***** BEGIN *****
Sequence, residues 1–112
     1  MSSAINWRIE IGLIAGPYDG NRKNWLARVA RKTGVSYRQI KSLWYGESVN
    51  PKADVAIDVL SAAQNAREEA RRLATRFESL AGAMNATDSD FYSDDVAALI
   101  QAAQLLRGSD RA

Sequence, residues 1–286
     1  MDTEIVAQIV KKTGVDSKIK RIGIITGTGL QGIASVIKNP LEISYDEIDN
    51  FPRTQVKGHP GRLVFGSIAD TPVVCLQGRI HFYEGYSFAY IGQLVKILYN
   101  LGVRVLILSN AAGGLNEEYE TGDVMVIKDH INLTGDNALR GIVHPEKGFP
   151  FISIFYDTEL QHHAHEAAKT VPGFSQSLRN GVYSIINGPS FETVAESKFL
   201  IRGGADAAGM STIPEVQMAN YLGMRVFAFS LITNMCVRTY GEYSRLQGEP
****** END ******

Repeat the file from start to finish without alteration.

Sequence, residues 1–112
     1  MSSAINWRIE IGLIAGPYDG NRKNWLARVA RKTGVSYRQI KSLWYGESVN
    51  PKADVAIDVL SAAQNAREEA RRLATRFESL AGAMNATDSD FYSDDVAALI
   101  QAAQLLRGSD RA

Sequence, residues 1–286
     1  MDTEIVAQIV KKTGVDSKIK RIGIITGTGL QGIASVIKNP LEISYDEIDN
    51  FPRTQVKGHP GRLVFGSIAD TPVVCLQGRI HFYEGYSFAY IGQLVKILYN
   101  LGVRVLILSN AAGGLNEEYE TGDVMVIKDH INLTGDNALR GIVHPEKGFP
   151  FISIFYDTEL QHHAHEAAKT VPGFSQSLRN GVYSIINGPS FETVAESKFL
   201  IRGGADAAGM STIPEVQMAN YLGMRVFAFS LITNMCVRTY GEYSRLQGEP